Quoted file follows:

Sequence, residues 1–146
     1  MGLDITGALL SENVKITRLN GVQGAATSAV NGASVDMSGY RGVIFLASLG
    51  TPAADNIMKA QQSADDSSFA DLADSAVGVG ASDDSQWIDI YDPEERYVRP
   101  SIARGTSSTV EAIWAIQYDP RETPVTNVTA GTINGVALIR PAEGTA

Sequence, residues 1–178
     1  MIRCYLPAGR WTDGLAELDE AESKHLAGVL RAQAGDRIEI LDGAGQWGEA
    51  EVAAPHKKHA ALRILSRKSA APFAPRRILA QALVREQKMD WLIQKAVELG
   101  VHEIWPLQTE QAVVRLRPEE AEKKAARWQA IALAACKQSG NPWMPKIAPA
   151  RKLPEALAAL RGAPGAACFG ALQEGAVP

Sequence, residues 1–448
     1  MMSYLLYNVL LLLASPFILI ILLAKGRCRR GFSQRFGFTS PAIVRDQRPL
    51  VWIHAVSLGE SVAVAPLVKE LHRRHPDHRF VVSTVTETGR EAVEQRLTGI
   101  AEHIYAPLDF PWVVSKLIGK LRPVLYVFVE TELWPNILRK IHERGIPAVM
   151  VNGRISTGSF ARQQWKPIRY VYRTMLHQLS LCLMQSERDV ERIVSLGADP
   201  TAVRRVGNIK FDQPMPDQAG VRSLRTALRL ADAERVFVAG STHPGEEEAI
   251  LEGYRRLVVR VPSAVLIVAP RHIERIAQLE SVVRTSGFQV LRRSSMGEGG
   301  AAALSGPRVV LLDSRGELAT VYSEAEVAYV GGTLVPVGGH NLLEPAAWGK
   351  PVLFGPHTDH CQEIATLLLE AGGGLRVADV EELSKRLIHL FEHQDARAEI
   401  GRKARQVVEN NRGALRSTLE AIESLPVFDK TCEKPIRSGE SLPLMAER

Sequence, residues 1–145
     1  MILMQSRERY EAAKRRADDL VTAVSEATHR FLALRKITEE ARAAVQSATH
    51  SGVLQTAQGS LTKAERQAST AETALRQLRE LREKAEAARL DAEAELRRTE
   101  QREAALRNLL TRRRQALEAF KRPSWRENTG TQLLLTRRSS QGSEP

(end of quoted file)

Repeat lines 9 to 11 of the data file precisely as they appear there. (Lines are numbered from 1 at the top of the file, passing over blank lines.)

   151  RKLPEALAAL RGAPGAACFG ALQEGAVP

Sequence, residues 1–448
     1  MMSYLLYNVL LLLASPFILI ILLAKGRCRR GFSQRFGFTS PAIVRDQRPL